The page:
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Mayor James N. Corbett: He knew how to count

Sometime in 1979 a friend and I decided as we often did in those days to have lunch at El Dorado, a restaurant at 36th Street and South Fourth Avenue. It was known in those days for its outstanding red chile and a tapestry of John and Bobby Kennedy that hung on its east wall. We were about to sit down when we spied Jim Corbett — the former nationally known drunken, thigh-biting mayor of Tucson and newly elected clerk of the court. I went to his table and before I could say hello, he jumped up, grabbed my shoulders and gave me a wet kiss on the cheek, saying “I love you.”

And well he should have.

He had won his clerk of the court election by 10 votes. His opponent, a stuffed-shirt Republican by name of Bill DeLong, filed a lawsuit and demanded a recount. After the recount and a judgment by a Pinal County judge, Corbett was still the victor although his margin had shrunk to but five votes. The final count was 50,555 to 50,550. The Arizona Daily Star had endorsed Corbett both in the primary and the general elections. In high profile elections, newspaper endorsements don’t count for much and do not persuade voters. But in low profile races such as the clerk of the Superior Court, they do. It was reasonable to say, the Star’s endorsement made the difference.

Corbett was in my office first thing the day after the election. He thanked me sincerely, adding that if there was anything in the world he could do for me, all I need do was name it. He meant it. The Star’s endorsement of Corbett was a great surprise. His honor and the Tucson’s newspapers had a nose-tweaking, mutual dislike. Reporters from either newspaper could ask his honor a question and the reply was consistent. The mayor would announce the time and when the reporter said he or she did not understand, Corbett’s standard retort was that he did not want it ever said that he refused to give either newspaper the time of day.

Corbett’s populist streak ran long and deep, which provoked some nasty responses from the newspapers during his mayoral tenure, 1967 to 1971. The mayor struck back, declaring with great zeal that he would never submit to the “Downtown Power Structure,” by which he meant anyone who remotely resembled a Republican or member of the Chamber of Commerce. The pressmen and printers who produced the two papers at the time had fielded an impressive team that did well in the city softball league. The players called the team the “Downtown Power Structure.”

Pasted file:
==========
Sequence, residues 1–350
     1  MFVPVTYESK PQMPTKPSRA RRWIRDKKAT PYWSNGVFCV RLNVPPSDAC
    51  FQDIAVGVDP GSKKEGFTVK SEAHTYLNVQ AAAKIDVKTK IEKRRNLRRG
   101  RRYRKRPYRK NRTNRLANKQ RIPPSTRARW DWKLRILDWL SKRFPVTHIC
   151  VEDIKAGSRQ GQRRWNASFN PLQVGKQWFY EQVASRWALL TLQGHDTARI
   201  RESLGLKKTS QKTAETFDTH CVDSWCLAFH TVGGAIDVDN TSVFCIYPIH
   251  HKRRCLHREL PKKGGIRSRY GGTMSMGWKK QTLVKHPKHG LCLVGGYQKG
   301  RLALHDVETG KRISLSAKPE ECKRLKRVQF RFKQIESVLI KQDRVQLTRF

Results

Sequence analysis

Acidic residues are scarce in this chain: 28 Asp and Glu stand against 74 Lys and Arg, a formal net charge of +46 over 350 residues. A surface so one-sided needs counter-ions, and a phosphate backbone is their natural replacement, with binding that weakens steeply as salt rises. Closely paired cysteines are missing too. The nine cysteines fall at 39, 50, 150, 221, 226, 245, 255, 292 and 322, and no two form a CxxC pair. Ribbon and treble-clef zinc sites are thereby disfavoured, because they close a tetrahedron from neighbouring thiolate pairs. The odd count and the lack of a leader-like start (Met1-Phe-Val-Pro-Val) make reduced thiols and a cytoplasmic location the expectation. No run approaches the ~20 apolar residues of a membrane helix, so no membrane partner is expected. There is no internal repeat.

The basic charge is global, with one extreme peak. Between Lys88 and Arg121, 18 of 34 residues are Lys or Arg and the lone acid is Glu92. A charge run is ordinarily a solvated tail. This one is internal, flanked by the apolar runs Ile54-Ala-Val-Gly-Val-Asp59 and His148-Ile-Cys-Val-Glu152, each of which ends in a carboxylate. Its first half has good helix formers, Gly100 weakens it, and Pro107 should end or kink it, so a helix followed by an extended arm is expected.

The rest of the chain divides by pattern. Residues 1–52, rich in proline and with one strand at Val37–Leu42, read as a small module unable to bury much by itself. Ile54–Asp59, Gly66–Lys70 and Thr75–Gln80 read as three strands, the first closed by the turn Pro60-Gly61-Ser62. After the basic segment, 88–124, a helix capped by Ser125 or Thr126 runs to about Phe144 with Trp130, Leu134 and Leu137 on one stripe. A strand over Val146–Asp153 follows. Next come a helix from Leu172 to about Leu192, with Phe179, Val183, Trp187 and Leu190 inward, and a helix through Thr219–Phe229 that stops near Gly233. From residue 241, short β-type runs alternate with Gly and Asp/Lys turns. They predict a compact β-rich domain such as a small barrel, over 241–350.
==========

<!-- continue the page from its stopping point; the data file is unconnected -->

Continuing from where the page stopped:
Despite the Republican opposition, Corbett was among the most productive mayors in Tucson’s history. He completely changed the  character of downtown, using urban renewal money to build La Placita. During his tenure, the city water utility also grew rapidly. If he had managed to win a second term, he might have persuaded voters to approve a bond issue to purchase Tucson Gas & Electric. He believed the power and gas companies should be owned and controlled by the people through the municipality. His vanity license plate said “ZAP-TGE.”

Corbett lost his reelection bid in 1971 to a tall Republican attorney, Lewis C. Murphy. Actually he did not lose that election in November of ’71. He lost in March of 1970 when he tried to bite the thigh of a 26-year-old woman. The mayor was in Washington, D.C. at the time. One evening he drank too much booze, which was his wont, and went a little crazy. The young woman was not a prostitute, but an employee of the National League of Cities and Towns. There was no sex involved. The incident was reported by Jack Anderson in his nationally syndicated column. The mayor of Tucson was thus portrayed as a drunken lout.

The Anderson column embarrassed the city and gave the three Republicans on the council enough nerve to call for his resignation. Maybe if his honor hadn’t tried to bite the thigh, he could have survived the trouble. But it was pretty much true that he was a drunk and only occasionally a lout.

By the time he ran for court clerk, Corbett had given up demon rum. He served in that job for 20 years. He died in 2007.

I would see him from time to time, and our first topic always was the Tucson Mayor and Council and its inability to confront city’s ills. The problem, said Corbett, was they could not count. The number was four, which would constitute a majority and thus pass whatever measures before them. Several mayors have come and since Corbett. With just one exception — George Miller — they all shared the inability to count.

December 11, 2011

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